Comparing the complexity of effective parental guidance with God’s Providential care of humanity helps us understand that God demonstrates identical elements and is, in fact, a good parent.  According to Johnson et, al., competent parenting includes nonintrusive monitoring, a flexible discipline that changes with the developmental level of the child, avoiding overprotection while controlling the environment to promote the child’s safety, allowing for independence and promoting moral development. The Johnson study also emphasizes the importance of communication between the parent and child as well as the use of logical and natural consequences that result from the child’s choices.[3]  By comparison, Oden asserts that Classical Christian tradition regards providence as three interrelated phases of upholding, cooperating, and guiding.[4] He continues the discussion by explaining the four stages of Providence used by God to guide human freedom; permitting, hindering, overruling and limiting our choices.[5]

While the comparison of good parenting and God’s providential care provides foundational information, does the comparison answer the question, “Is God a good parent?” Perhaps, before we can fully appreciate how God’s providential interaction with humanity resembles proper parental guidance, we should clarify what the term providence means. As Oden defines the term, Providence is the expression of the divine will, power, and goodness through which the Creator preserves creatures, cooperates with what is coming to pass through their action, and guides creatures in their long-range purposes.”[6]   Oden continues by affirming that through God’s providence, we learn “by experience, by moving through stages of growth and by struggling toward good through evil,”[7] much like a parent cares for and guides a child toward adulthood.  When quoting Augustine, Oden argues that God would not permit evil at all unless He could draw some good out of it.”[8]  While providence extends to all God’s creation, the unique element of humanity is the freedom to choose.  Through providence, God’s care for us “never sleeps.”[9]  However, Solomon admonishes us that “A man’s heart may be full of schemes, but the Lord’s purpose will prevail.” (Prov. 19:22).[10]  God, as our parent, will not allow human freedom to overrule His purpose.  While God’s power is absolute, it is also orderly and follows His nature. If God is perfectly good, He must be a perfectly good parent. He created us and guides us by the same rules that He provides human parents. We can learn more about why God allows hurt, suffering and how he guides us by first looking at the elements of proper parental guidance.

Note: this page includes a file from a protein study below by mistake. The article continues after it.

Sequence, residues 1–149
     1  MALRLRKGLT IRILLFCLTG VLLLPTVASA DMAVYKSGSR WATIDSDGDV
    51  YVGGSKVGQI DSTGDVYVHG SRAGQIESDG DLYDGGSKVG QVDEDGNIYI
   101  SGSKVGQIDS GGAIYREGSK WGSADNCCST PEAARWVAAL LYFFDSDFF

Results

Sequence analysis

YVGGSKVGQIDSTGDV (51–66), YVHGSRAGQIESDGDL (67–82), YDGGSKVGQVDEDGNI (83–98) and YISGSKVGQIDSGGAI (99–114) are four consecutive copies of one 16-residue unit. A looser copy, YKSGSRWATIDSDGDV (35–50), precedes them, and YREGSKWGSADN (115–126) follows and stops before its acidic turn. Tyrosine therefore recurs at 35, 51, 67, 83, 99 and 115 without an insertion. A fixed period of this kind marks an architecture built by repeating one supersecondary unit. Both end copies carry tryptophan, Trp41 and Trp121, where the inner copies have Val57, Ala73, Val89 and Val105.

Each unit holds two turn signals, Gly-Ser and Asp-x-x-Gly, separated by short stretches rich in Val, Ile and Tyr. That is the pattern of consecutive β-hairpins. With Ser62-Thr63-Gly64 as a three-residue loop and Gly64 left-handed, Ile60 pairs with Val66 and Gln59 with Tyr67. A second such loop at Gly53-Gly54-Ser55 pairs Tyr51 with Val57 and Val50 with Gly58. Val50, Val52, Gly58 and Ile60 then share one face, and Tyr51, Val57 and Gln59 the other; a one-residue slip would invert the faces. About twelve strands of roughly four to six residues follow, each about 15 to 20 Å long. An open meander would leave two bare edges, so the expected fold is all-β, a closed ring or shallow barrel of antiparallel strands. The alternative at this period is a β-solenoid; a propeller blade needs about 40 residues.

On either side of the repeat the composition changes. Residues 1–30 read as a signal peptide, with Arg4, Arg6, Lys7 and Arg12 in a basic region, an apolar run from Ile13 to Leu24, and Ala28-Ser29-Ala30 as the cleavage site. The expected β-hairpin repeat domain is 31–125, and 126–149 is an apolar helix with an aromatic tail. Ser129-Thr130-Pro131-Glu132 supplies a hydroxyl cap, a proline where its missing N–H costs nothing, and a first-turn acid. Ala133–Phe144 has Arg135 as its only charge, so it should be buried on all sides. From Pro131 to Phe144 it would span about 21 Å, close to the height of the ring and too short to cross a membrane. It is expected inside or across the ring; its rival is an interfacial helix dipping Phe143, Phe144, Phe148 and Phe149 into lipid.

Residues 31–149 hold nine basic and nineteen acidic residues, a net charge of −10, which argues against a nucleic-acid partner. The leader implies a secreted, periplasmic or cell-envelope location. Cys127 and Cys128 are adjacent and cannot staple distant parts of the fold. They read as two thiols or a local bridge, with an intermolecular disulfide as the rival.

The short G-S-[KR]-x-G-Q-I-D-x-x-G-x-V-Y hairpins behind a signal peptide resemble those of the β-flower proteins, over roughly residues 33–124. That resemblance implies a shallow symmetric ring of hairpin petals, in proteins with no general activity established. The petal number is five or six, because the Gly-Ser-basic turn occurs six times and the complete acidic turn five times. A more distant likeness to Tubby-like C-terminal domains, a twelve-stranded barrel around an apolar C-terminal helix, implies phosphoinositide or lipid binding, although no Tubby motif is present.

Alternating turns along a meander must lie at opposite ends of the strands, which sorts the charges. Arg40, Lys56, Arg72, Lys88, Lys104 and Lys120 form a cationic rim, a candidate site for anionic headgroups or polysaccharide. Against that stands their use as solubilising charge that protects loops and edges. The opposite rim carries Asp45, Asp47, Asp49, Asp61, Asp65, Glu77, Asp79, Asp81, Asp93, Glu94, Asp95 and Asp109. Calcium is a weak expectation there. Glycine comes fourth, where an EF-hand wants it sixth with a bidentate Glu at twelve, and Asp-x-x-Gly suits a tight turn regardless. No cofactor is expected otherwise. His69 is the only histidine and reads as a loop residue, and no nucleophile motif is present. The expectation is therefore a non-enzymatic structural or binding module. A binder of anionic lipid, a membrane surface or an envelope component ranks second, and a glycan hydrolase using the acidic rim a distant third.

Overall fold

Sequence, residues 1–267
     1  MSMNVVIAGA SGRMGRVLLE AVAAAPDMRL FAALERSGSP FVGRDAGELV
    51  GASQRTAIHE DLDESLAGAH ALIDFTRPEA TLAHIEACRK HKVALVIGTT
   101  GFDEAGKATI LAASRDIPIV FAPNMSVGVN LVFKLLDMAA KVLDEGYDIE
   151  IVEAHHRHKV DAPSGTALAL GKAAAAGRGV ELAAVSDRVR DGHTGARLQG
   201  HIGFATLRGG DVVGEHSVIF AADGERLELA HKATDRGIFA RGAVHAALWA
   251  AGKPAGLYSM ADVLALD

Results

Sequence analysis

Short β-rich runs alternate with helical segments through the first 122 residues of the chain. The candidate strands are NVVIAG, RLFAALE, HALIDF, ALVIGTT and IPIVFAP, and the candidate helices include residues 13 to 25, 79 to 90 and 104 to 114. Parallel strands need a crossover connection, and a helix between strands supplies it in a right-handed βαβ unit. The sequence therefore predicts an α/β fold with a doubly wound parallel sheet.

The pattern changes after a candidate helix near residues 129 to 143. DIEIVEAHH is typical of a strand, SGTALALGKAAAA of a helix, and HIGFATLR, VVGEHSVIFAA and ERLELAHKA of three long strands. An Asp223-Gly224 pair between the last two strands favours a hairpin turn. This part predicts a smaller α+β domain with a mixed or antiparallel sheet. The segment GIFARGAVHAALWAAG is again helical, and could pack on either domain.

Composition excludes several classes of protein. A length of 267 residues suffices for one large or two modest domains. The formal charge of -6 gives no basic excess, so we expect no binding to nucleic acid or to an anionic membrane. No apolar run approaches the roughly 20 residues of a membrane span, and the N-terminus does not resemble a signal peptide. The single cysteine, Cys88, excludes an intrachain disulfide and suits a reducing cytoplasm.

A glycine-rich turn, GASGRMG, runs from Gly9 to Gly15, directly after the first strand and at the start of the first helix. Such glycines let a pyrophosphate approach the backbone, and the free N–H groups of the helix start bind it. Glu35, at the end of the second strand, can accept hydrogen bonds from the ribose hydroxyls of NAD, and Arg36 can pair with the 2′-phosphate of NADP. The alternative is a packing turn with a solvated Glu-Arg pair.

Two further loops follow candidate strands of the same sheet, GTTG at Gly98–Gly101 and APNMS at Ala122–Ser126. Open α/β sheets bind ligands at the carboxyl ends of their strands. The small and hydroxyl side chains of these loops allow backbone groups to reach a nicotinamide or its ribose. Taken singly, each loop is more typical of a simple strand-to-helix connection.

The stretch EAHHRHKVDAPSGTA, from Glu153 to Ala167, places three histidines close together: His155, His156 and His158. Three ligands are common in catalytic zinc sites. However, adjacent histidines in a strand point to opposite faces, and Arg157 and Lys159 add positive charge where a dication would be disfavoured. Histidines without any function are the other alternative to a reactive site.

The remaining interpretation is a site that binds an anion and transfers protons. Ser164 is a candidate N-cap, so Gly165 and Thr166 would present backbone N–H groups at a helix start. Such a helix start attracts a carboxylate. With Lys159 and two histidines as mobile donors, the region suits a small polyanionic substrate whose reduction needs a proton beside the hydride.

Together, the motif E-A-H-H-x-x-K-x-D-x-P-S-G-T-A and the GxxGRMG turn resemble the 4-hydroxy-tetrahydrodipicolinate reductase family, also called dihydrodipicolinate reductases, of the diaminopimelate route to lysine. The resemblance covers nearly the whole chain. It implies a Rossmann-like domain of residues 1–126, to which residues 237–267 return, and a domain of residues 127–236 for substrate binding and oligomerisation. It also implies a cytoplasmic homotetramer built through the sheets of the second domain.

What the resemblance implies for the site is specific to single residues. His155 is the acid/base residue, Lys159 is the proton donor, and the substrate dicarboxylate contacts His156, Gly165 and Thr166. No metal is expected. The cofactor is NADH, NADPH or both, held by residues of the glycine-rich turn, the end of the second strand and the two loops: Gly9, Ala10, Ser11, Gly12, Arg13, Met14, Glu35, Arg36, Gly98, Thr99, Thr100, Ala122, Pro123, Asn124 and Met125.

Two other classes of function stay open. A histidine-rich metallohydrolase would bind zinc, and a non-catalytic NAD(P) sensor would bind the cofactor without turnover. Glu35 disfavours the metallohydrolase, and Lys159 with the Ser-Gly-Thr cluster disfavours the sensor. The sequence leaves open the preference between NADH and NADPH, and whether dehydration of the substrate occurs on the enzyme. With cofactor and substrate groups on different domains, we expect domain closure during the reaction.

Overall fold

Next: What makes someone a good parent?

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Is God a Good Parent? Part 3-What Does the Bible Tell Us About Parenting?

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[1]Brian D. Johnson, Laurie D. Berdahl, Melissa Horne, Emily A. Richter, and Meag-gan Walters., “A Parenting Competency Model.” Parenting: Science & Practice 14, no. 2 (CINAHL Plus with Full Text, EBSCOhost: 2014), 92-120 29p. Accessed June 13, 2016.

 

[2] Thomas C. Oden, Classic Christianity, A Systematic Theology (New York: HarperCollins, 1992),159.

[3] Johnson, et al., 92-120 29p. Accessed June 13, 2016.

 

[4] Ibid.

[5] Ibid. 158.

[6] Oden, 143.

[7] Ibid., 156.

[8] Ibid., 157.

[9] Ibid., 155.

[10] Ibid.